Workers’ welfare demands stability

Aye Mya Win wants to be a doctor. Her favourite subject is mathematics, but just a few years ago, students at her migrant learning centre in Mae Sot were using rocks to learn to count. Now the 14-year-old plays number games and improves her Thai-language skills on a tablet, reads at least two hours every day after school and recently ranked third in the non-formal primary education exam in Myanmar’s Kayin State — one of the first girls to score in the top five.

Education is a fundamental human right for all. In the case of Aye Mya Win, who was out of school when her family first moved to Thailand, quality education has clearly transformed her life and future opportunities.

Thailand has a history of putting into place socially progressive policies that assist migrants like Aye Mya Win. In 2005, Thailand’s landmark Cabinet Resolution on Education for Unregistered Persons stipulated that all children, regardless of legal status, are entitled to 15 years of free education. More than 164,000 migrants and non-Thai students are enrolled in schools and learning centres nationwide, but an estimated 200,000 migrant children remain out of school, according to recent figures from the United Nations.

Implementation of inclusive policies like the 2005 Resolution is crucial for Thailand to respond to the opportunities and challenges presented by migration. As the fastest-growing destination country in Asean, Thailand now hosts an estimated 4.9 million non-Thais, most of whom are migrant workers from neighbouring Cambodia, Lao People’s Democratic Republic and Myanmar.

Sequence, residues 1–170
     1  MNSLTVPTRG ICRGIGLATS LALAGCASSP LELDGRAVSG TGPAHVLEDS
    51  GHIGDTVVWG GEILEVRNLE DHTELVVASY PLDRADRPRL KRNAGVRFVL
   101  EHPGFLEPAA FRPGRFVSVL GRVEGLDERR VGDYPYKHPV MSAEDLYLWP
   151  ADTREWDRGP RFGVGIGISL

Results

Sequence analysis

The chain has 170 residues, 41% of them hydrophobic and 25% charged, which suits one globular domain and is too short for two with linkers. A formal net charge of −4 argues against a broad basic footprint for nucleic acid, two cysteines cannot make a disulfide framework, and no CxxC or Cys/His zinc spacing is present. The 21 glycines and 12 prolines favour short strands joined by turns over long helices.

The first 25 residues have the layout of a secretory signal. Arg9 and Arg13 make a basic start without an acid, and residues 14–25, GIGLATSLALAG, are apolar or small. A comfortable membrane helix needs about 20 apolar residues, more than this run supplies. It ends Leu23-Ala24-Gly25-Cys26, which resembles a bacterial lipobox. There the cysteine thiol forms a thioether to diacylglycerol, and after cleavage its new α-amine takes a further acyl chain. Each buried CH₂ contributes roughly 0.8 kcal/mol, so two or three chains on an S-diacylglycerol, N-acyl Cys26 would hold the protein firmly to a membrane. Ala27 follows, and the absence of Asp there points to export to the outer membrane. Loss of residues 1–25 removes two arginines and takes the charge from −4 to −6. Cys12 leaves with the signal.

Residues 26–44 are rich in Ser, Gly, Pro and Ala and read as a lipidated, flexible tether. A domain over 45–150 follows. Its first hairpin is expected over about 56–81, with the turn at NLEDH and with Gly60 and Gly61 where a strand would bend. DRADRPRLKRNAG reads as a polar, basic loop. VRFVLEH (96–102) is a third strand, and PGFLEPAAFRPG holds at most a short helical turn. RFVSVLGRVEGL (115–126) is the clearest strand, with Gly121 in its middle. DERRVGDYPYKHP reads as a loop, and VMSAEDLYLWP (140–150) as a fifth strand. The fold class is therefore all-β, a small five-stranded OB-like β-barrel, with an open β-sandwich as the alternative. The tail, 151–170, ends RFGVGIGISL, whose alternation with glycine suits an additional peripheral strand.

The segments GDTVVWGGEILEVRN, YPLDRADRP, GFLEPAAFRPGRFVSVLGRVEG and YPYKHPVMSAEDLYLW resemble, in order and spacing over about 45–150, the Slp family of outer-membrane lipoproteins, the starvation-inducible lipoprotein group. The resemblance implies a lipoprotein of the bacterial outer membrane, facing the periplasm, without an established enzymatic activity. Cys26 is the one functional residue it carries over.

This striking statistic was captured in the Thailand Migration Report 2019, launched last week by the Thailand UN Country Team Thematic Working Group on Migration, which includes 16 UN Agencies active in Thailand and is chaired by the International Organisation for Migration (IOM). The report provides a comprehensive analysis of migration in Thailand and delivers a set of UN recommendations for establishing a long-term, coherent and rights-based migration governance framework. At the same time, however, each statistic and data point represents a human being, with the same hopes and fears shared by all people.

Thailand has made significant commitments to safeguard the rights of vulnerable migrants. Last week, senior officials signed a memorandum of understanding to limit the detention of children in immigration centres, except as a last resort and for as brief a period of time as possible, bringing the country closer to international standards. The government’s review of this independent UN report and its willingness to engage with its findings, which includes discussion of issues such as decriminalising sex work and the existence of exploitative practices within supply chains, is in itself a positive step.

In the most high-profile example during the past five years, Thailand has responded to international scrutiny of its fisheries industry with major reforms, intended to address labour rights abuses against migrants and illegal, unreported and unregulated fishing. The regulatory improvements resulted in the European Union removing its “yellow card”, which has hung over the sector since 2015. However, the report emphasises that the task is not complete and more enforcement is needed to address persistent abuses, as well as to contribute to the long-term sustainability of the fisheries industry.